by Sunil Kotagiri, Lead Consultant, Utilities and Geospatial BU, Cyient
As the Internet of Things (IoT) proliferates across the utility network, the increased number of smart devices, Distributed Energy Resources (DER), and Information and Communication Technology (ICT) infrastructure are creating operational complexities, new business paradigms and benefit scenarios.
An increase in DER across the distribution network mandates real-time generation and supply modelling, bringing fresh challenges to the utilities in managing and interpreting large volumes of information.
To streamline this transformation, utilities throughout the world are turning to Advanced Distribution Management Systems (ADMS) and related operational analytics. Data, however, remains a significant stumbling block to realising the benefits.
For instance, ADMS and operational analytics can enable power flow modelling to help dispatch smaller energy resources only when the system accurately understands actual load characteristics based on real-time phase and system load.
While ADMS play a vital role in enhancing grid resiliency, it heavily relies on the data coming from various IT systems and grid sensing devices to develop advanced applications and operational analytics.
Utilities are exploring ways to validate if the input data is operationally viable – complete, accurate, consistent and current.
Moreover, utilities are looking for best approaches to sustain the data quality for meeting their stretched goals.
The traditional way of data validation using static tools and processes may no longer be productive, and indeed a transformation leveraging advanced techniques like machine learning is the need of the hour. The quality of network connectivity and data governance can be significantly enhanced when machine learning based algorithms are supplemented with real-time grid intelligence.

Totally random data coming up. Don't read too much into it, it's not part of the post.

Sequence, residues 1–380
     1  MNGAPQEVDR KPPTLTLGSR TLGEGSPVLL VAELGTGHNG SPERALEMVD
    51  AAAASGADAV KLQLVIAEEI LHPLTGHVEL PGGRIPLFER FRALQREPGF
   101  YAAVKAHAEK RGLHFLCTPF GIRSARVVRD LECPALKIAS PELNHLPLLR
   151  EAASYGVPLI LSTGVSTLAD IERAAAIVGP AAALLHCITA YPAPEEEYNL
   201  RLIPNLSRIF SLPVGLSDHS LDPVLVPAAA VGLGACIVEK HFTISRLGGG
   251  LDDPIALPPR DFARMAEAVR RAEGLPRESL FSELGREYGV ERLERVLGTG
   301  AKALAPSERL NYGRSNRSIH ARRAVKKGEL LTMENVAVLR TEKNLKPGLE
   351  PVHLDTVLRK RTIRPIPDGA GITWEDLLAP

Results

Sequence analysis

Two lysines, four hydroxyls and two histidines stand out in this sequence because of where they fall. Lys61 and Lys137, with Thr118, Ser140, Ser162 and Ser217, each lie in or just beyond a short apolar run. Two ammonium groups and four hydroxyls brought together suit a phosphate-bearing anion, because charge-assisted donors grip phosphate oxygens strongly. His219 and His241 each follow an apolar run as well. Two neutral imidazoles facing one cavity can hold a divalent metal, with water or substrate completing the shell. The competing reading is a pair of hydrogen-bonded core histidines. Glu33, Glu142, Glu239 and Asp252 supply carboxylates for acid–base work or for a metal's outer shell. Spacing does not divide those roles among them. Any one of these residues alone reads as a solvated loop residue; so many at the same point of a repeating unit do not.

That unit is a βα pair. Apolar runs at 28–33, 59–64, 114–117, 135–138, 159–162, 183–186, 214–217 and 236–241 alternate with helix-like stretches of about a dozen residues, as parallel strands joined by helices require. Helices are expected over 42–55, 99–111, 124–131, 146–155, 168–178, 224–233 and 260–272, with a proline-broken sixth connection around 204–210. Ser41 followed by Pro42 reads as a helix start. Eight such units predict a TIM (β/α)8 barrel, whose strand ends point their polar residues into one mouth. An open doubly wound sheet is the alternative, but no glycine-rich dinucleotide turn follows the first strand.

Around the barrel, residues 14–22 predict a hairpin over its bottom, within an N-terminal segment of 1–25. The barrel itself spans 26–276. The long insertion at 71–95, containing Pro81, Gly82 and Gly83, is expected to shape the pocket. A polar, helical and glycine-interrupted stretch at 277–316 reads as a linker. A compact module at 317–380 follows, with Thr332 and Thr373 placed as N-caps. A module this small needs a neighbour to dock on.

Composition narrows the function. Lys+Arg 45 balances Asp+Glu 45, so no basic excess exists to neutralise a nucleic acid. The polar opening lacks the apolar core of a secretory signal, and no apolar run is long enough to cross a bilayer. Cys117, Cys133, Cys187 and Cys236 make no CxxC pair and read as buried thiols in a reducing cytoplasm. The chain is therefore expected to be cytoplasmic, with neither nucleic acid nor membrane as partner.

Smart meters are increasingly gaining acceptance, leading to a proliferation of data along with voltage and load profiles at regular intervals. However, the usage of such data in operations is limited, while this data is immensely useful in meter-to-cash processes.
If voltage signature data from the meters and connected grid content is incorporated into the data validation routines, they can bring in real intelligence to undertake the relational check of key attributes such as phasing and meter-to-transformer ties.
As machine learning algorithms continue to ‘learn’ from the voltage and load data, they become increasingly valuable in data validation and augmentation processes, which ensures the availability of right data in the GIS at all times, and accurate data for ADMS operations.
When an ADMS gets access to validated ‘true-state’ representation of the network model, it makes energy dispatch more accurate even after the integration of distributed energy resources. It improves fault localisation, isolation and restoration processes, and enhances the accuracy of switching operations for the safety of workforce and assets.
Grid resiliency can only get better if static data and real-time data from sensing devices are used in conjunction. Therefore, data governance plays a key role along with machine learning based data validation algorithms in measuring, protecting and assuring data quality in a manner sufficient to meet the targeted business objectives for which the data is sought.